Journal of Emergencies, Trauma, and Shock
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 Table of Contents    
CLINICAL CHALLENGE  
Year : 2012  |  Volume : 5  |  Issue : 3  |  Page : 243-245
Difficult nasoendotracheal intubation in a patient with severe maxillofacial trauma


1 Department of Oral and Maxillofacial Surgery, Tabriz University of Medical Sciences, Faculty of Dentistry, Tabriz, Iran
2 Department of Anestesiology, Tabriz University of Medical Sciences, Tabriz, Iran

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Date of Submission21-Oct-2011
Date of Acceptance19-Dec-2011
Date of Web Publication14-Aug-2012
 

   Abstract 

Dental occlusion is key point for proper maxillofacial reconstruction. In this way nasal airway management is extremely important for both oral and maxillofacial surgeons and anesthesiologists. We report a challenging case with severe maxillofacial trauma and nasal obstruction that it managed with a novel anesthetic - surgical procedure.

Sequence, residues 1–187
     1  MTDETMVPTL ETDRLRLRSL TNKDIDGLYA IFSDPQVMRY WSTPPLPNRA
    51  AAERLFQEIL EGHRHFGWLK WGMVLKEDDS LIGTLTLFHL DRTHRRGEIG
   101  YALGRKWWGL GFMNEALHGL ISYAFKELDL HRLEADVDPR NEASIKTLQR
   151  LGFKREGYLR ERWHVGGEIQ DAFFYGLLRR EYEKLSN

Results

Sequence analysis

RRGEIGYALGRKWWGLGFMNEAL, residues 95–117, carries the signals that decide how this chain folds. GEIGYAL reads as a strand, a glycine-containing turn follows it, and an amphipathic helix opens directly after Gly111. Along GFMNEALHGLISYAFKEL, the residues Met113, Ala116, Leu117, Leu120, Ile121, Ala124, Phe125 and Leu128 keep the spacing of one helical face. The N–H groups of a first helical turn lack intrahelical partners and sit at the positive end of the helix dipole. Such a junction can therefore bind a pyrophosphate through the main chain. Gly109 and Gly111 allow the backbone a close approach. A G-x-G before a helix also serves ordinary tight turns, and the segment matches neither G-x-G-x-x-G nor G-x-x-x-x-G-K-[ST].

Keywords: Difficult intubation, maxillofacial trauma, nasal obstruction

How to cite this article:
Mesgarzadeh AH, Zanjani F. Difficult nasoendotracheal intubation in a patient with severe maxillofacial trauma. J Emerg Trauma Shock 2012;5:243-5

How to cite this URL:
Mesgarzadeh AH, Zanjani F. Difficult nasoendotracheal intubation in a patient with severe maxillofacial trauma. J Emerg Trauma Shock [serial online] 2012 [cited 2020 Sep 25];5:243-5. Available from: http://www.onlinejets.org/text.asp?2012/5/3/243/99697



   Introduction Top


Maxillofacial injuries need special attention due to many anesthetic and surgical reasons. Skillful experienced personnel are mandatory. In order to have a good outcome with minimal risks and maximal success in airway management, should be in collaboration with the anesthesiologist or trauma team leader is must. [1] Hutchinson et al. addressed six specific situations associated with maxillofacial trauma, which may adversely affect the airway: 1. Postero-inferior displacement of a fractured maxilla parallel to the inclined plane of the skull base, 2. bilateral fracture of the anterior mandible, 3. hemorrhage, 4.soft tissue swelling and edema, 5.trauma to the larynx and trachea, 6.foreign bodies - dentures, debris, shrapnel, exfoliated teeth, bone fragments. [2]